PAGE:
At Aurora we offer a unique service developed over six years of experience of working with victims. We believe in working in true multi-agency collaboration to ensure the voices of victims are at the front and centre of the response to the pernicious crime of stalking.
Hampshire led the way nationally in initiating the stalking clinic model and we are now working with other areas so they can replicate our work. The Clinic provides a multi-faceted approach that aims to:
- Identify, assess and manage the risk posed by stalkers; minimise the risk of continued offending; identify mentally unwell stalkers and reduce their offending through appropriate intervention.
- Coordinate appropriate investigation and offender management action in relation to identified stalkers.
- Provide a comprehensive support package to victims of stalking – importantly – a dedicated, victim advocate to ensure that specialist support is available to victims, and their safety is kept central at every step of the process.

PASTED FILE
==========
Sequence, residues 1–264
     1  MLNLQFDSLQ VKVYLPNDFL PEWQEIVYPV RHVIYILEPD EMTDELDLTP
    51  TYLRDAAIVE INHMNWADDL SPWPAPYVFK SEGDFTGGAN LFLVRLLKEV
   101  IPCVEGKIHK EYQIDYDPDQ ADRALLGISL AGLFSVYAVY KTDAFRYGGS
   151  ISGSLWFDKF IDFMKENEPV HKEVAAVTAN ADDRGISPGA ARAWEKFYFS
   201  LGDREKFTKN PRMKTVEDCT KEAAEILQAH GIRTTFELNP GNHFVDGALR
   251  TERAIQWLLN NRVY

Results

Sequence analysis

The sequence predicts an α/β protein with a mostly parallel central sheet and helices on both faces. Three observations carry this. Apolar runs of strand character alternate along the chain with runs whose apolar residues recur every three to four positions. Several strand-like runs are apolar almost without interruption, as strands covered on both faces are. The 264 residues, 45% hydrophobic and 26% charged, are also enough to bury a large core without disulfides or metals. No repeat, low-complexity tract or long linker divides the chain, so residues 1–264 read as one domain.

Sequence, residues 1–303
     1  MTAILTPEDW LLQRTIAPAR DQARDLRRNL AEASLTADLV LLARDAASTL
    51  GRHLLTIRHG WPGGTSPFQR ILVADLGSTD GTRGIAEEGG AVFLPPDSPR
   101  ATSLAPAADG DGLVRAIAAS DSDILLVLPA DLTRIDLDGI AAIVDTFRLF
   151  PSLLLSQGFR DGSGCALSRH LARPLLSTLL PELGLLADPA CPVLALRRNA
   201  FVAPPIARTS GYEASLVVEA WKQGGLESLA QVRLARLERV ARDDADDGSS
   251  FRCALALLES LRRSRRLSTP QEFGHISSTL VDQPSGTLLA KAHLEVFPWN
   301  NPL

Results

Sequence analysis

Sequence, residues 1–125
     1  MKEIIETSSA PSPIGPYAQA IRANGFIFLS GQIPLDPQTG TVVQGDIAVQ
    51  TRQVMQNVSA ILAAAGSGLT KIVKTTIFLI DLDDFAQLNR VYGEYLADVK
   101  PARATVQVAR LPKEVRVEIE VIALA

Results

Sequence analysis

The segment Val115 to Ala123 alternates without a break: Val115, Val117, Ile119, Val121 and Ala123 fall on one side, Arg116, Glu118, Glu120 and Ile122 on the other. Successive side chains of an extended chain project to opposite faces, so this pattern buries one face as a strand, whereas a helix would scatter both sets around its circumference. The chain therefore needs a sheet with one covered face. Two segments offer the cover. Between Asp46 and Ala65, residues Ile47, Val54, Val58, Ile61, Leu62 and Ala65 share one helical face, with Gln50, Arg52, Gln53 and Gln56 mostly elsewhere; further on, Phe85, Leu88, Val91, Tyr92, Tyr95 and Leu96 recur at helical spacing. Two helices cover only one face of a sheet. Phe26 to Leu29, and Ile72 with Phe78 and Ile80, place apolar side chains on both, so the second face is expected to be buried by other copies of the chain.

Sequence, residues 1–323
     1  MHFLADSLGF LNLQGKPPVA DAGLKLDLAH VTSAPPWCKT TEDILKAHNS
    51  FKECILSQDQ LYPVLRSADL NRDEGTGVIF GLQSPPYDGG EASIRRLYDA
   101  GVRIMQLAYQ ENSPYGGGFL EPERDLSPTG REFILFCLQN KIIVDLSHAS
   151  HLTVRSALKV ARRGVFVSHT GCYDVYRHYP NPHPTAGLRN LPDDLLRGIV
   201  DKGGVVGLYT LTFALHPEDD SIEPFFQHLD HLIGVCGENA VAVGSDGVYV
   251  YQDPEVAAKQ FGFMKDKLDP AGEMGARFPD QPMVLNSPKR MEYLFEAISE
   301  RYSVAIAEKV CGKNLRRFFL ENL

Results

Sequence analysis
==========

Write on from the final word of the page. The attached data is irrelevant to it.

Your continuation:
We have received and been nominated for multiple awards for our stalking work and the Hampshire clinic was highlighted as an area of best practice in 2017 by Her Majesty’s Inspectorate of Constabulary (HMIC). Aurora’s advocacy role was specifically mentioned.
Stalking and the law
On the 25th November 2012 the government Protection of Freedoms Act came into force. This legislation contributed to the 1997 Protection From Harassment Act and enabled legislation to be much more robust for victims of stalking. The act includes the following legislation:
A course of conduct that amounts to stalking.
– Maximum sentence 6 months imprisonment.
A course of conduct which causes another to fear that violence will be used against them
A course of conduct which causes another serious alarm or distress which has a substantial adverse effect on his or her usual day-to-day activities.
– Maximum sentence 10 years imprisonment.
It is important to understand that as a victim of stalking you have the right to contact the police and have the case investigated under stalking legislation. The behaviours that occur within a course of stalking conduct can seem bizarre and unconnected and it is essential that the police look at the whole picture.
As a victim of stalking, you have a right to access an enhanced service under The Victims Code.
Aurora New Dawn